Can you patent nature? Specifically, DNA? That’s at the bottom of the latest round of the big government vs. big Pharma battle.
Government lawyers argue “No”. They say you cannot, for instance, patent a tree. (Yet, the US patent office awards plant patents.)
Myriad Genetics, Inc., has had a patent on a cloned BRCA gene — a potential precursor to breast cancer – for over 10 years. (Test for the gene, and you can get a jump start on treatment.) Myriad answers that while you might not be able to patent a tree, you can patent, say, a unique baseball bat that humans fashioned from that tree.
The isolation and use of DNA is accelerating the development of “personalized medicine” that’s bringing us safer, more effective drugs. Throwing out R&D companies’ ability to do so would have a huge negative impact on the worlds of science, medicine, business and law.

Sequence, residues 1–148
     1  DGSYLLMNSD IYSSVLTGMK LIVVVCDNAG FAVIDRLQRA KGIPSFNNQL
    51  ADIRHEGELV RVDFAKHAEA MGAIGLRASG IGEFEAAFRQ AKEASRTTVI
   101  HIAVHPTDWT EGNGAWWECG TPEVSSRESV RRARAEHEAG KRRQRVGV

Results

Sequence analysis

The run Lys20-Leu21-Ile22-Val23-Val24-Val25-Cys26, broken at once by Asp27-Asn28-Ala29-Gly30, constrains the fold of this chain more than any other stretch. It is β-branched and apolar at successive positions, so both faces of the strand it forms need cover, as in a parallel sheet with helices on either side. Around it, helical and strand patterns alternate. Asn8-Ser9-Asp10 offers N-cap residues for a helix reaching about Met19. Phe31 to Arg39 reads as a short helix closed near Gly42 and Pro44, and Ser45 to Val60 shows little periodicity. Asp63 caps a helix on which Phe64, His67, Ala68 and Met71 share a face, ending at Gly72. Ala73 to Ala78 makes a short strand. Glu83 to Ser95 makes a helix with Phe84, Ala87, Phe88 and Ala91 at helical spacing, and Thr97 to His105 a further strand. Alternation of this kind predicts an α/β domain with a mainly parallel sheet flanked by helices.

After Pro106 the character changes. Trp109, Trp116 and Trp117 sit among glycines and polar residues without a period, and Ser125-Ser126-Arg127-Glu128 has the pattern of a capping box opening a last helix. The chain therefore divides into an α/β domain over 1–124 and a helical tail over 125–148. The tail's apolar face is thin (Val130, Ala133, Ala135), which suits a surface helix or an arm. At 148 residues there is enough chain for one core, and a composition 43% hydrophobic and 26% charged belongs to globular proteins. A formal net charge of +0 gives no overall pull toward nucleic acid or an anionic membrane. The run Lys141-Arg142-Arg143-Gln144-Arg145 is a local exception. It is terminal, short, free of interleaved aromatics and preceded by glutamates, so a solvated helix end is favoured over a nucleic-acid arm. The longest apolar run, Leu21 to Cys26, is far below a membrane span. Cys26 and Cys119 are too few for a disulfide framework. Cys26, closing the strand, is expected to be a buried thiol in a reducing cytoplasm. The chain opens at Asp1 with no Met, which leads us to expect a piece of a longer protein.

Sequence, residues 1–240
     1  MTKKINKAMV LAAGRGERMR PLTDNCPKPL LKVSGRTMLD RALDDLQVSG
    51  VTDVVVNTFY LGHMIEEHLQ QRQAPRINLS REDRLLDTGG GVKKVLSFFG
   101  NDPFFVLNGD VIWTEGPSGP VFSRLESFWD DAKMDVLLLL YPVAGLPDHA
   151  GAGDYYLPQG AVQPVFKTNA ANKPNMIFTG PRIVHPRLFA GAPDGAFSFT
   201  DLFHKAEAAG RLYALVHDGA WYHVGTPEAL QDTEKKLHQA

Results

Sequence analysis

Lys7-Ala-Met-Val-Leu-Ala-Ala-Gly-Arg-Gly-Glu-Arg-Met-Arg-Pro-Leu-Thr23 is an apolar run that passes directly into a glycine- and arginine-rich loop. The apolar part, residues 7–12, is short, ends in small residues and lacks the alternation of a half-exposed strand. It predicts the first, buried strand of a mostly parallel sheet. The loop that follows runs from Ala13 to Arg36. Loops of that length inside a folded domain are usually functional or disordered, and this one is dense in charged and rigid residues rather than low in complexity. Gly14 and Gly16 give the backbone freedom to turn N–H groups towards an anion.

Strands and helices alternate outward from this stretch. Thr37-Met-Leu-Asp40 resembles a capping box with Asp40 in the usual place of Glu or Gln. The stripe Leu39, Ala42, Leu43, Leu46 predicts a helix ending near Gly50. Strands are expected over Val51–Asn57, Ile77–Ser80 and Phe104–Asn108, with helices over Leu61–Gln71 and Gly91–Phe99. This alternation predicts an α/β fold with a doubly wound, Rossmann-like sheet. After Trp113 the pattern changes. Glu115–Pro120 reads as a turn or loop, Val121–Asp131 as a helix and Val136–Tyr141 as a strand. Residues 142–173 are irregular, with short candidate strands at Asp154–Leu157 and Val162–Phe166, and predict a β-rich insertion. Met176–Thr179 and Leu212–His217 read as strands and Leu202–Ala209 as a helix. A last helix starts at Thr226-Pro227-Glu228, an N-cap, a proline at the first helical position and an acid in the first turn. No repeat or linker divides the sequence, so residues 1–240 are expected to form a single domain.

I have patented numerous DNA molecules. I have studied the science — and based on the specific science used here, the government lawyers are wrong! Here’s why:
They claim that pretty much anyone could used a microscope and look into a cell to see DNA. In fact, you could not see DNA through a microscope because it is wrapped around in proteins and other natural products that protect it from early decay. ONLY in the laboratory — after complex multi-step processing — can you isolate the DNA that’s claimed in patents.
Question: Has Myriad indeed found the best way to get the BRCA test to women? As a descendant of women who died of ovarian and breast cancers, I take a special interest in this debate.
(The main plaintiff is a part-time nanny, who like many cannot easily lay her hands on enough funds to pay for the test.)